A Bold Prediction From 2005: Now Comes True

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On August 1, 2005, Playthings Magazine (now GIFTS) published my article, "Know when to fold 'em; but know how to hold 'em – Internet sales and the tipping point for bricks and mortar".  I recently had cause to read it again it and was surprised, now fourteen years later, how accurate it was in predicting the bricks and mortar store closings of the last two years. I thought it was worth sharing again. (To see the original article – click here)

Like those old science fiction movies, people are going to start disappearing.  That’s right disappearing.  You will be walking down a store aisle one day and you will see a lot of people.  Then you will come back a few months later and they won’t be there.  In fact, the store might not be there either. 

What’s happening?  Are aliens abducting them?  Are they teleporting to other planets?  No, it’s scary but not that kind of scary.  It’s this kind of scary – they’re going to the Internet.

Have you given thought to what is going to happen when the Internet siphons off enough consumers to start closing brick and mortar stores?  Think about it.  It doesn’t take a great deal of customer erosion to create a big problem.  We’re already over-stored.  These stores and malls were built with the belief that the consuming population would continue to grow.  The problem is that the number of people who go to the store is going to start to decline.  Why?  Because consumers are buying online.  There is a steadily growing constituency that likes the lower prices and loves not having to leave the house.  To an Internet shopper, all the stores are local.

No matter what their size, brick and mortar stores’ break-evens were based upon pre-Internet calculations that all consumers were foot traffickers.  Oh, for sure, they anticipated future competition, they planned for economic downturns, and they even began to plan for Wal-Mart.  All of these plans, however, were based upon an established set of demographics and, most important on an ever-growing consumer population.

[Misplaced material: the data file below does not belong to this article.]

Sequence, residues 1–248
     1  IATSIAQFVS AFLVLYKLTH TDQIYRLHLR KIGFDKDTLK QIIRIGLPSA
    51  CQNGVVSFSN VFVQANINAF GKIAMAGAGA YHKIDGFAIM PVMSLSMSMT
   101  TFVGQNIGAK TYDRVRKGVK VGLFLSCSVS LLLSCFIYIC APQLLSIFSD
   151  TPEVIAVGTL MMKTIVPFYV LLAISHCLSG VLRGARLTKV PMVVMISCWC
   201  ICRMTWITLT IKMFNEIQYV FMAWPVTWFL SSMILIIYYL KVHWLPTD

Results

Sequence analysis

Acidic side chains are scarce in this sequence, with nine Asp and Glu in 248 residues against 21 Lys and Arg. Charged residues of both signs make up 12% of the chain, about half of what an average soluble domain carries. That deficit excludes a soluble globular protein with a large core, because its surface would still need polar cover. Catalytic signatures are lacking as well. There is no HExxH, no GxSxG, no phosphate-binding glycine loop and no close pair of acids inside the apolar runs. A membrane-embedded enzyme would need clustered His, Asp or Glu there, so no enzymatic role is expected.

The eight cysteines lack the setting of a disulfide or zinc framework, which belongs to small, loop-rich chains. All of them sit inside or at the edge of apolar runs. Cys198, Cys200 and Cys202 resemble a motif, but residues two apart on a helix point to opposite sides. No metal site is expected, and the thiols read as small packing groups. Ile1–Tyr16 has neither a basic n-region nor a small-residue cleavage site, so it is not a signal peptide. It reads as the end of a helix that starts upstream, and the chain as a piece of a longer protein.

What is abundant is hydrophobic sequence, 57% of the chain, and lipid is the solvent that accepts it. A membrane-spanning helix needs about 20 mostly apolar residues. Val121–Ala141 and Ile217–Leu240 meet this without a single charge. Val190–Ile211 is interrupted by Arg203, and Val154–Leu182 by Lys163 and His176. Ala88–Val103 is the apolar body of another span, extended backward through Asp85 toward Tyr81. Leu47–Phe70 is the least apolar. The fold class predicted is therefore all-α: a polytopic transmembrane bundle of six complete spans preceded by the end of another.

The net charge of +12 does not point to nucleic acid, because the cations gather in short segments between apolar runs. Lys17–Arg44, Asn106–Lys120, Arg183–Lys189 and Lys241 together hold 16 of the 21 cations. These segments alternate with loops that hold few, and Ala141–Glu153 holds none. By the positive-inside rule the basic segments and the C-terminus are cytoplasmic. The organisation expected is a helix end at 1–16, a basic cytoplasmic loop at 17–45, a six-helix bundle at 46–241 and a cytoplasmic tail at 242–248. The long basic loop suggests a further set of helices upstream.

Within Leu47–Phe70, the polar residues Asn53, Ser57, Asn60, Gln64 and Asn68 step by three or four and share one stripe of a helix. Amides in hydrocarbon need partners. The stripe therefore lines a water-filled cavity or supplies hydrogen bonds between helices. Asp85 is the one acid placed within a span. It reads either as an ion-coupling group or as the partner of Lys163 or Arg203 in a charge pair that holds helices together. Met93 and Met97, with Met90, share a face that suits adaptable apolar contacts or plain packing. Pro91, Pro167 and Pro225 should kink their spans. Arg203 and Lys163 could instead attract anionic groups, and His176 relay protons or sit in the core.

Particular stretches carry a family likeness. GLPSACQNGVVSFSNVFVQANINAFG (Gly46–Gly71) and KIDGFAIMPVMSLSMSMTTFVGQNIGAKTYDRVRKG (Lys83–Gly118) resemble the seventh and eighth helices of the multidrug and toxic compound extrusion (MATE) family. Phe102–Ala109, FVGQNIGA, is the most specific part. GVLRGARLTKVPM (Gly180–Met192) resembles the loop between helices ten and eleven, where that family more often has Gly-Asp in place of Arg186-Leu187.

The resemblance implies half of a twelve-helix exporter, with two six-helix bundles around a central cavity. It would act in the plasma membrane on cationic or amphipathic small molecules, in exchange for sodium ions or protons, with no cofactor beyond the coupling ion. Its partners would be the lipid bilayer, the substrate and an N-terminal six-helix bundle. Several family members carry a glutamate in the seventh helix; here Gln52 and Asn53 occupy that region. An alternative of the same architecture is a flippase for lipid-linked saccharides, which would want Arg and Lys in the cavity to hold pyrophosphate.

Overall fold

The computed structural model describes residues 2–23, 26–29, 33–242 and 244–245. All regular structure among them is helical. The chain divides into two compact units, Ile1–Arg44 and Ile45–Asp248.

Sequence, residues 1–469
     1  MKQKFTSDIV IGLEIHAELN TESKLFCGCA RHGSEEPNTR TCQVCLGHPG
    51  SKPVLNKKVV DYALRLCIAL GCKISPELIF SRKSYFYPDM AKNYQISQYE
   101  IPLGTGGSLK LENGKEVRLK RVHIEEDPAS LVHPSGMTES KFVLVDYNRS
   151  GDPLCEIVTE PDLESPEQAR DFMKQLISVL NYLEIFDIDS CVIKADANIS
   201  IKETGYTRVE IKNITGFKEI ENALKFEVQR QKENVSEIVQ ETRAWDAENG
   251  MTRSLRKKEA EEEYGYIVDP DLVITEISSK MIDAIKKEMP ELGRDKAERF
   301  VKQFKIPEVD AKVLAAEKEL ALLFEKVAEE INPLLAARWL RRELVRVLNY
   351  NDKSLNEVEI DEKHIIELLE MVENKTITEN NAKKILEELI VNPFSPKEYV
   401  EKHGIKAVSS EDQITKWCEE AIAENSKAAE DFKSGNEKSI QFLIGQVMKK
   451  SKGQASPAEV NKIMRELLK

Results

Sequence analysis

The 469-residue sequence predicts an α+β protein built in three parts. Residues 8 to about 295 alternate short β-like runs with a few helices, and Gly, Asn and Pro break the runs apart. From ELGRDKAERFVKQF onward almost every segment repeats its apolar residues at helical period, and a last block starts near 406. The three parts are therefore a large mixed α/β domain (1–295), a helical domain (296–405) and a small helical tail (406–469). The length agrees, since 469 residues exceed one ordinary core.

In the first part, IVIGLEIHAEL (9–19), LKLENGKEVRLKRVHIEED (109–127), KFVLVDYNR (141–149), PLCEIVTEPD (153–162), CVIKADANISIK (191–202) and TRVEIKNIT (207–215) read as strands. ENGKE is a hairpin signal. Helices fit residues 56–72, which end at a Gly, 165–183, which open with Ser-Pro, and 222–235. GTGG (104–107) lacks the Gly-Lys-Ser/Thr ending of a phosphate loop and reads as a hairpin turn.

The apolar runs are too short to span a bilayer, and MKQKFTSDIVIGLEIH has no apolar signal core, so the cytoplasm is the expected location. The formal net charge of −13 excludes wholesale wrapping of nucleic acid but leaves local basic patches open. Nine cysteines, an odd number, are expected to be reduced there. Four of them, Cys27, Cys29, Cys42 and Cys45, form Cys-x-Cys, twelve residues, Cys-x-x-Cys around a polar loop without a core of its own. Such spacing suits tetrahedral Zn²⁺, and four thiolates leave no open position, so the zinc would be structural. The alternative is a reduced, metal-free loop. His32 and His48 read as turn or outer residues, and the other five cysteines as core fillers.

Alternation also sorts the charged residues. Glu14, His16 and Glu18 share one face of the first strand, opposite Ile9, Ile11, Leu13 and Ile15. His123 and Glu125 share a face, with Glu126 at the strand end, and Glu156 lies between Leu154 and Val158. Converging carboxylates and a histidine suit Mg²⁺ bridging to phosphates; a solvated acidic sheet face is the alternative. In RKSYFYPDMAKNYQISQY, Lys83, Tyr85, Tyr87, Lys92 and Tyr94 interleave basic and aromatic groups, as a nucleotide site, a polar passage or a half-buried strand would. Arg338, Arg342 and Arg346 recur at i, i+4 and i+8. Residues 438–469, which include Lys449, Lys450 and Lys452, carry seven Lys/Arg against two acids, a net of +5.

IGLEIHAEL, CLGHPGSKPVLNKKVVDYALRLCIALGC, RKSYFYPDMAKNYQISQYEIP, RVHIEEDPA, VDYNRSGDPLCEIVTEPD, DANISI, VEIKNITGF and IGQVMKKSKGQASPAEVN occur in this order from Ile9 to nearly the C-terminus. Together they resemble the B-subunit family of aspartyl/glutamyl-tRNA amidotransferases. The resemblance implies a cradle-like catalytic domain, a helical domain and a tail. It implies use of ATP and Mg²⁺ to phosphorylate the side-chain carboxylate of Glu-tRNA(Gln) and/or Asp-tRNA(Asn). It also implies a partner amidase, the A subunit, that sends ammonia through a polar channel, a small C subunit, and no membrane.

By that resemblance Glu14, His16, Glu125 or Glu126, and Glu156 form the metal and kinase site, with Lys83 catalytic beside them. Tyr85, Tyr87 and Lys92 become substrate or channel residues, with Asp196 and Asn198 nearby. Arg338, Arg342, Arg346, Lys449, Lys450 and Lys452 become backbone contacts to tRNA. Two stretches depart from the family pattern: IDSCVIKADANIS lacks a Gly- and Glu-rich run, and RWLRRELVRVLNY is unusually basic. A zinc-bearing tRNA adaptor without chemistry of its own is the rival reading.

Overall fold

According to the Department of Commerce, 2004 was a very good year for retail.  Store Retailers (bricks-and-mortar) experienced a 5.8% increase in 2004.  Nonstore Retailers (online and mail order) experienced a 12.8% growth.   It’s wonderful that both sectors experienced growth.  It's ominous, however, that nonstore sales more than doubled the growth of store sales.  At some point, it seems logical that the pie will cease to grow larger and non-store sales will begin to cannibalize store sales.

Foot traffic does not need to be off that much.  Just enough to create a tipping point where there are not enough dollars to support the fixed costs of a 200,000 square foot store with an enormous parking lot. 

How then can one determine a store’s level of risk for losing foot traffic?  The first step is to determine whether the store’s average shopper is wired to the Internet.  The more affluent and younger they are, the more wired they are.  The more wired they are, the more at risk the store is.